Authored by: James Mark Shields

The Routledge Companion to Religion and Popular Culture

Print publication date:  March  2015
Online publication date:  March  2015

Print ISBN: 9780415638661
eBook ISBN: 9781315724478
Adobe ISBN: 9781317531067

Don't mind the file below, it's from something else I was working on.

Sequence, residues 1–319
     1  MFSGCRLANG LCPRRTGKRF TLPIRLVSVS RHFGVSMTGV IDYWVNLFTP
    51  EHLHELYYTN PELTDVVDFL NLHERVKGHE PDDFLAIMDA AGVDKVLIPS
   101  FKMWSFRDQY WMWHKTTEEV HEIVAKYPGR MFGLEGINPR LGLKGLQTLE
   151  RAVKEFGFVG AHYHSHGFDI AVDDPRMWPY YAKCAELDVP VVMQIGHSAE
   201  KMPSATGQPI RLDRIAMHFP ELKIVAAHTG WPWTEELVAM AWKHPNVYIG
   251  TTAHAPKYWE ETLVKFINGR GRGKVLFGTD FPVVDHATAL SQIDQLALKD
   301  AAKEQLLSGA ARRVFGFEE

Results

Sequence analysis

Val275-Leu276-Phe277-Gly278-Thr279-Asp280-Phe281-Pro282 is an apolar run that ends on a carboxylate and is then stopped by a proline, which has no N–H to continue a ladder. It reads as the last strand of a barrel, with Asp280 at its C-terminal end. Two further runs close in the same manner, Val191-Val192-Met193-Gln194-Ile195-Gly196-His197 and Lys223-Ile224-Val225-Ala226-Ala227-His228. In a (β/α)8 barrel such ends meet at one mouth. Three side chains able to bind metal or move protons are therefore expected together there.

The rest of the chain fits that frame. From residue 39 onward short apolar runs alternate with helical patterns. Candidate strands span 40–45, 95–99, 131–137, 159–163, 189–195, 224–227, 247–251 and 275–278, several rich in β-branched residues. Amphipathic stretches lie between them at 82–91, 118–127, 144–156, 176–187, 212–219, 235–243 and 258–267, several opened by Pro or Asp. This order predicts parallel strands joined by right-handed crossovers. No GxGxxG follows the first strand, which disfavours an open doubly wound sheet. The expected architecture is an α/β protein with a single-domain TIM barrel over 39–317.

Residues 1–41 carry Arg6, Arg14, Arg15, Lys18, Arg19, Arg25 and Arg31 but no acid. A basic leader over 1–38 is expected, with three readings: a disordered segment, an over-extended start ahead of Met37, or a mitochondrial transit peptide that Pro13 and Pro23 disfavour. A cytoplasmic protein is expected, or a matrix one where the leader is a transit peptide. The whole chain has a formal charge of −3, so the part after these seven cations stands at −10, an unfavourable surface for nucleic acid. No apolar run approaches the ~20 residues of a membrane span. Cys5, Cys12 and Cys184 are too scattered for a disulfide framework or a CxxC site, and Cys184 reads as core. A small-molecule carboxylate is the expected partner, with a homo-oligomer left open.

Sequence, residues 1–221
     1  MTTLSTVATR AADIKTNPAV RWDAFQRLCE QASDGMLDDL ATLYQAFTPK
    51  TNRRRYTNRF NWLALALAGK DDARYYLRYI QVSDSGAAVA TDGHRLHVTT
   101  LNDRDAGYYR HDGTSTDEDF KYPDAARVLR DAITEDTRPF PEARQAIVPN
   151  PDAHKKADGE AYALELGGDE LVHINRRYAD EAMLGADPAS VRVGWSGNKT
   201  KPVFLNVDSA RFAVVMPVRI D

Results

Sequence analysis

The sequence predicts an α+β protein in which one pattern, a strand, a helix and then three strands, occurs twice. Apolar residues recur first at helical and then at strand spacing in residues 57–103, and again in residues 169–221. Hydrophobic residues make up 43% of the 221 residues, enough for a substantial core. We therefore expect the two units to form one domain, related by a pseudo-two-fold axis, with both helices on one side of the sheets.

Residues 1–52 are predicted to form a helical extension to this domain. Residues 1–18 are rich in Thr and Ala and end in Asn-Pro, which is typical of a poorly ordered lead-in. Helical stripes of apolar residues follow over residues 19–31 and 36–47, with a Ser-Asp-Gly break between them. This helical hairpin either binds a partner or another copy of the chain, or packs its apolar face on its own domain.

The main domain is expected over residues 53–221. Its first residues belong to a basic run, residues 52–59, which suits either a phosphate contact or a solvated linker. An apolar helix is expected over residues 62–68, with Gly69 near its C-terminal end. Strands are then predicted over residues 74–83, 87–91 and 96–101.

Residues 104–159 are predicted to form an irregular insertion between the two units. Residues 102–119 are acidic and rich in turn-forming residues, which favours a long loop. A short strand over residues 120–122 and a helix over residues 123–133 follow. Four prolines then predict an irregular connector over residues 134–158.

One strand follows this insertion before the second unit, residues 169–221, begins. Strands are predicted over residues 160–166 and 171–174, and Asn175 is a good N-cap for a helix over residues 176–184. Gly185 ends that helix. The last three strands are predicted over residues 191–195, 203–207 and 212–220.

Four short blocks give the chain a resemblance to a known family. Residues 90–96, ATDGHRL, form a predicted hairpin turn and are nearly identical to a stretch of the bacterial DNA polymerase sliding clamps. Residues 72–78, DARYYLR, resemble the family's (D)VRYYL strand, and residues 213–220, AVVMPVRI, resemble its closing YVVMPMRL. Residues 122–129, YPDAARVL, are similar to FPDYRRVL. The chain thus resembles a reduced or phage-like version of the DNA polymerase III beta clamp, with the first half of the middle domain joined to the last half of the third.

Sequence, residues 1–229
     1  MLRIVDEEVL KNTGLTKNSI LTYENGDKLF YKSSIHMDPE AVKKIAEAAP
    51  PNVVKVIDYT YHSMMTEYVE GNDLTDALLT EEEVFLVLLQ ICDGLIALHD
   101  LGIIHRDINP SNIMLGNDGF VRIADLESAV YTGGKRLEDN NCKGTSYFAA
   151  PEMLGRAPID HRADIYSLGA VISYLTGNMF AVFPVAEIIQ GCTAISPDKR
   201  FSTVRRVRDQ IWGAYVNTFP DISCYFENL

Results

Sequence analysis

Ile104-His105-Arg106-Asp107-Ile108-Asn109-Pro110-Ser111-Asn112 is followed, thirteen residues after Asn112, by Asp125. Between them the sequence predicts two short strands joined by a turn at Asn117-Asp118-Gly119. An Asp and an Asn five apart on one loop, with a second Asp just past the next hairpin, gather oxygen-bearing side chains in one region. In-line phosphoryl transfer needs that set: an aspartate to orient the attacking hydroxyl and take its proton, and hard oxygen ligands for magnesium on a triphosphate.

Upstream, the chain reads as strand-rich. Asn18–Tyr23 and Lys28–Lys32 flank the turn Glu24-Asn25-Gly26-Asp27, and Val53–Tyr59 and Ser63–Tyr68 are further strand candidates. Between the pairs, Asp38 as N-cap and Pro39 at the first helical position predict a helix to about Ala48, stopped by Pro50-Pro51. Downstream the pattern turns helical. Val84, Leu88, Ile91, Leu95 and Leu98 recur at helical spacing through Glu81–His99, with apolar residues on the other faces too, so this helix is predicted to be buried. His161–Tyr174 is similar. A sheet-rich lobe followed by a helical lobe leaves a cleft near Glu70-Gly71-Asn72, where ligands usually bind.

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The cover of Captain America #35 is, from a cultural studies perspective, truly extraordinary. Published in February 1944, at the height of the Second World War, it confronts the reader/viewer with a dynamic tableau of good versus evil. At lower center, his hands clutching a diabolical control wheel, is the bespectacled arch-villain—complete with Asiatic features. Protecting him (and bearing a striking resemblance to the Buddhist guardian deities at the great Nara temple Todaiji) are two muscular green henchmen, facing attack (and certain defeat!) by Captain America and an ally, who fly into the scene with alacrity. And at the center of it all, taking up fully half the vertical space in the image, sits a large Buddha statue, nearly blocking what appears to be a Japanese Imperial flag. Other than the evil scowl and blood-red mouth, the statue is a reasonable facsimile of the great bronze daibutsu statue of KĊtoku-in, Kamakura, perhaps the world’s most recognizable representation of Amida, the Buddha of compassion.

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